My claim is that Chengs’ doctrine of li can be properly regarded as a Neo-Confucian theology. To make this claim, it is important to examine the role of another important idea of the Chengs’: shen神  , which can be literally translated as divinity or god. It is true that sometimes shen, particularly in Cheng Yi, means spirit and so often goes together with ghost as in the phrase guishen 鬼神 . Yet, as we have seen earlier, the Chengs do also use shen in a different sense to refer to the same ultimate reality referred to by such terms as heaven, li, dao, and nature. For example, talking about heaven, Cheng Hao claims that ‘its reality (ti体  ) is change, its li理is dao, and its appearance is shen . . .’ (p. 4). Cheng Yi relates shen to human nature and argues that ‘shen and human nature are always together’ (p. 64). In this sense, shen is obviously not the physical vital force but is the metaphysical reality: the life-giving activity. In their view, ‘the reason that it is cold in the winter and it is hot in the summer is yin and yang; the reason of change and movement is shen. So shen does not have a location and change does not have a body’ (p. 121). Here shen is clearly distinguished from qi. Shen does not have a location, as change does not have a body, because both refer to the life-giving activity. While things that act have locations and bodies, the act of things does not.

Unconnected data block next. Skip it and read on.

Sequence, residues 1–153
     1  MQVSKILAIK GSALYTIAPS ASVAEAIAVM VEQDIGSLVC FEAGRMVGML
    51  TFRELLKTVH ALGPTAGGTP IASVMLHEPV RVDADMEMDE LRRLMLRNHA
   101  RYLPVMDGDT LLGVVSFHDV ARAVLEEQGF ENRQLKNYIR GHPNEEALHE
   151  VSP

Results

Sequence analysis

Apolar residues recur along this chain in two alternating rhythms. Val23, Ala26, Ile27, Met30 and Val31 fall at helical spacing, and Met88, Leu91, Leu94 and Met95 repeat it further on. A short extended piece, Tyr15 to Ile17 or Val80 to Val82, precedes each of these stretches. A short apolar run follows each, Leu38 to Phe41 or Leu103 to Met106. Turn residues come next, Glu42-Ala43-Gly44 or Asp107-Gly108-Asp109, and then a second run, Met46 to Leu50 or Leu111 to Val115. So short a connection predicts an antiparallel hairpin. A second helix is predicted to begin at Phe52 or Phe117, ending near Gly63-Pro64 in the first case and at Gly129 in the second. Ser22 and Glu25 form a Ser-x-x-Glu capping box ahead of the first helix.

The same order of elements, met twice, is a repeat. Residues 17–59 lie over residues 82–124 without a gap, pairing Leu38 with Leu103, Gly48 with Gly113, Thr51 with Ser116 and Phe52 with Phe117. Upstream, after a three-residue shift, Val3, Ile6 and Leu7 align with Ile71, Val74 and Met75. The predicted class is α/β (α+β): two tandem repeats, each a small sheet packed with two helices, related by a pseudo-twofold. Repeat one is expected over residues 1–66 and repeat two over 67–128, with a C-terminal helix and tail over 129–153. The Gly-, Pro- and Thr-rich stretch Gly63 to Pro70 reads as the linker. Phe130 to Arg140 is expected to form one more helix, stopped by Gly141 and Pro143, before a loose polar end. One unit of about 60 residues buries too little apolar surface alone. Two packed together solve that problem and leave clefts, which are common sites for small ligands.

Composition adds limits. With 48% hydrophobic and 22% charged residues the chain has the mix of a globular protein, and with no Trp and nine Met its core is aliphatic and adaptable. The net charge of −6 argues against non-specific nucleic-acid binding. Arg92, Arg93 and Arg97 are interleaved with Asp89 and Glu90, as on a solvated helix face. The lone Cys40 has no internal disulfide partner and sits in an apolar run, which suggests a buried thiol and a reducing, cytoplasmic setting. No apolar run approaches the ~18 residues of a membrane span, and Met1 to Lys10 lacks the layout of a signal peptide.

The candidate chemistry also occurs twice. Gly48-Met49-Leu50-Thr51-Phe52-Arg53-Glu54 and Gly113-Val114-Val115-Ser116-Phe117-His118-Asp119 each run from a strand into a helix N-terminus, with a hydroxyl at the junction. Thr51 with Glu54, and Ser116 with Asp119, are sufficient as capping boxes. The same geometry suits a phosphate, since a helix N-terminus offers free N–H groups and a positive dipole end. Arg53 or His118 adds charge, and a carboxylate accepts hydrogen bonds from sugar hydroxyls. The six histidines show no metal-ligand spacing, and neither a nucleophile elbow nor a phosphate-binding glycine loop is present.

However, if shen is indeed a metaphysical and ontological idea, in what sense can we regard it as theological? The reason that the Chengs use ‘shen’ to refer to the Confucian ultimate reality is to illustrate the two related aspects of the life-giving activity: the mysterious wonderfulness (miao) and the unpredictability or incomprehensibility. For example, Cheng Hao states that ‘tian is nothing but li. We call it shen to refer to the wonderful mystery of li in ten thousand things, just as we call it lord (di) to emphasize its being the ruler of events’ (p. 132); and ‘the mysterious wonderfulness of transformation is what is meant by shen’ (p. 121). With this Cheng Yi agrees: ‘when the qi is complete, the li is straight; and when the li is straight, there will be impartiality, and when the impartiality is complete, it is shen’ (p. 597), as ‘shen means the extreme mysterious wonderfulness’ (p. 64). It appears mysterious and wonderful to us, because it is beyond our comprehension and anticipation. Cheng Hao, for example, claims that ‘the unceasing life-giving activity is called change, and the unpredictability of the change is called shen’ (p. 133). To illustrate the life-giving activity as mysteriously wonderful, the Chengs provide us with some examples: ‘being swift without hurrying and reaching destiny without moving is what one has to ponder deeply in order to understand and for this reason we use shen to describe it’ (p. 121). It is natural for us to think that we have to hurry in order to be fast and we have to travel in order to arrive somewhere. When the life-giving activity is fast without hurrying and reaches destiny without moving, it is beyond our understanding, and it becomes something mysterious and wonderful at the same time. Similarly, in Cheng's view, ‘the heaven-li is to have things done without action and to reach a goal without walking’ (p. 215). From our human point view, we need to do something in order to get something done, and so when we see things getting done without any efforts of doing them observed, we regard it as mysteriously wonderful.